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Educational Leadership: Global Contexts and International Comparisons
Type: Book
ISBN: 978-1-84950-645-8

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Book part
Publication date: 1 February 2009

M. Dutta

Australia and New Zealand are two very special economies of the South Pacific. The settlers of these two economies came from Europe, mostly the UK. Indeed, both were…

Abstract

Australia and New Zealand are two very special economies of the South Pacific. The settlers of these two economies came from Europe, mostly the UK. Indeed, both were colonies of the British Empire and Her Majesty, the Queen of England, continues to be the constitutional head of Australia and New Zealand. The original peoples of the two economies acceded to the authority of the European settlers. Some went on to complete an English education and earned places of official rank and accommodation under the new regime. It was only recently, on February 23, 2008, at the initiative of Prime Minister Kevin Rudd of Australia, that the Australian Parliament resolved to offer an official apology to the indigenous peoples of the land for their past suffering.

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The Asian Economy and Asian Money
Type: Book
ISBN: 978-1-84855-261-6

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Article
Publication date: 1 February 1997

C. Michael Hall, Brock Cambourne, Niki Macionis and Gary Johnson

Wine tourism is an area of growing interest because of its potential to contribute to regional development and employment at times of rural restructuring, particularly…

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Abstract

Wine tourism is an area of growing interest because of its potential to contribute to regional development and employment at times of rural restructuring, particularly through the development of inter and intra industry networks. This paper provides a review of wine tourism, briefly discusses networks and their value, then analyses the development of wine tourism networks in Australia and New Zealand. The research indicates that although wine tourism network development is being actively encouraged, substantial difficulties exist because of the perception by many in the wine industry that they are not part of tourism. The paper concludes that while the development of new organisational structures to encourage wine tourism development are useful, they must be complimented by research on linkages, education of potential network members in order to close information gaps; and the development of network structures which maximise the overlap and linkages mat exists between the wine and tourism industries.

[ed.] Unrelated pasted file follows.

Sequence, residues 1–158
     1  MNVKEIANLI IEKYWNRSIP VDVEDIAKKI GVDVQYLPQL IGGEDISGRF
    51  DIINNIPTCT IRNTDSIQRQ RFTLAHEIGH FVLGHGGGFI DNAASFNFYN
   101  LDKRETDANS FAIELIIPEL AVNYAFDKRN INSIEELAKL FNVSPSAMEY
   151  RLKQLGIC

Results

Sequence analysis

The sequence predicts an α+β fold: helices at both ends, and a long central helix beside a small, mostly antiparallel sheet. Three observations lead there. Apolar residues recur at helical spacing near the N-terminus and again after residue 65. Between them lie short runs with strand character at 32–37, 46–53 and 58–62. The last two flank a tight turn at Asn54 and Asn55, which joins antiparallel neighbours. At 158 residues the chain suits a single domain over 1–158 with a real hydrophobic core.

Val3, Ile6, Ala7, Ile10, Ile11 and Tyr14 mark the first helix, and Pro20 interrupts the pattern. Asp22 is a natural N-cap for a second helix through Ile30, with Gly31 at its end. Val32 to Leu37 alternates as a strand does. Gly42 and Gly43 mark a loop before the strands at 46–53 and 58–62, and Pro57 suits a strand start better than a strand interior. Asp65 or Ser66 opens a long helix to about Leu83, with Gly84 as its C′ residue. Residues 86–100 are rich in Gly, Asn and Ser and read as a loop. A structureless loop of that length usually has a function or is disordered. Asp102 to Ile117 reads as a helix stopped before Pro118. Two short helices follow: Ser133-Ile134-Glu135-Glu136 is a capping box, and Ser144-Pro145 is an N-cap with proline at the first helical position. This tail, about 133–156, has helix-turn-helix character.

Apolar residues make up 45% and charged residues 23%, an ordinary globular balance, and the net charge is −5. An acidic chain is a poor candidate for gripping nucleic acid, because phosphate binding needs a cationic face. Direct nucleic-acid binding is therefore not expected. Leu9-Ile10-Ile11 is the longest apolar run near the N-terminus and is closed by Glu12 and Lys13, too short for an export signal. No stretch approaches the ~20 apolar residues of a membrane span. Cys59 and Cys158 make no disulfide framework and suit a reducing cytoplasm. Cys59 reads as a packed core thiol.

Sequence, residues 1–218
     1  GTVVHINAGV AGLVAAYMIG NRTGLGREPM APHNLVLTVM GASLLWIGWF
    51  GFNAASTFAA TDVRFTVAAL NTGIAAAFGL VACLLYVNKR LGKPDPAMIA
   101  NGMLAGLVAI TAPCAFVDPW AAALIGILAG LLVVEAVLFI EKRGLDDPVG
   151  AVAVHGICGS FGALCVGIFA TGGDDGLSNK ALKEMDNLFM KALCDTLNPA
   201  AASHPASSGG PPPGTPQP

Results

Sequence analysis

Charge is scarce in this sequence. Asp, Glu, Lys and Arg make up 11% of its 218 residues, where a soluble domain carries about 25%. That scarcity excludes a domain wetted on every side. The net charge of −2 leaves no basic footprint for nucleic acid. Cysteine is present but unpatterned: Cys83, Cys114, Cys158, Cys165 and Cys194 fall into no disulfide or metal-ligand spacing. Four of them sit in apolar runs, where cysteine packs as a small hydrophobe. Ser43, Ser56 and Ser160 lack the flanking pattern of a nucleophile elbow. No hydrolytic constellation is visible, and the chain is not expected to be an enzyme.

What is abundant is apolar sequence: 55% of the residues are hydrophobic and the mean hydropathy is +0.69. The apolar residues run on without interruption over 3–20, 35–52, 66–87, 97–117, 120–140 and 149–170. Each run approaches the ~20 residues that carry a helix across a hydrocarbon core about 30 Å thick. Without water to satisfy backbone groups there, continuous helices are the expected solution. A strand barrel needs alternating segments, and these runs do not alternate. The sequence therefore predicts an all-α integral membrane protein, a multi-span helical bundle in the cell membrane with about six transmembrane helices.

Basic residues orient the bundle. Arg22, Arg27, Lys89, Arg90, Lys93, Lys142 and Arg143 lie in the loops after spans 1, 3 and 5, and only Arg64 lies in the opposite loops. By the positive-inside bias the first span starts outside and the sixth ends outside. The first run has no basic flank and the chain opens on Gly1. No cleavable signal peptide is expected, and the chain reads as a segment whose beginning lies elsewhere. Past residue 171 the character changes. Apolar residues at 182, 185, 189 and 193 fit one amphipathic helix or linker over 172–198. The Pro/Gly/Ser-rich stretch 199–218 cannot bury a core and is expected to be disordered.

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International Journal of Wine Marketing, vol. 9 no. 2
Type: Research Article
ISSN: 0954-7541

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Abstract

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Handbook of Transport Strategy, Policy and Institutions
Type: Book
ISBN: 978-0-0804-4115-3

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Article
Publication date: 1 October 2000

David Boles de Boer, Christina Enright and Lewis Evans

Shows that ISP final prices are lower, Internet usage is higher, and the number of ISPs per head of population is lower in New Zealand relative to Australia. Goes on to…

Abstract

Shows that ISP final prices are lower, Internet usage is higher, and the number of ISPs per head of population is lower in New Zealand relative to Australia. Goes on to argue that ISPs pose competitive threats for telecommunications companies and that New Zealand’s open competition regime, relative to Australia’s access regulations, has invited more efficient facilities competition.

Details

info, vol. 2 no. 5
Type: Research Article
ISSN: 1463-6697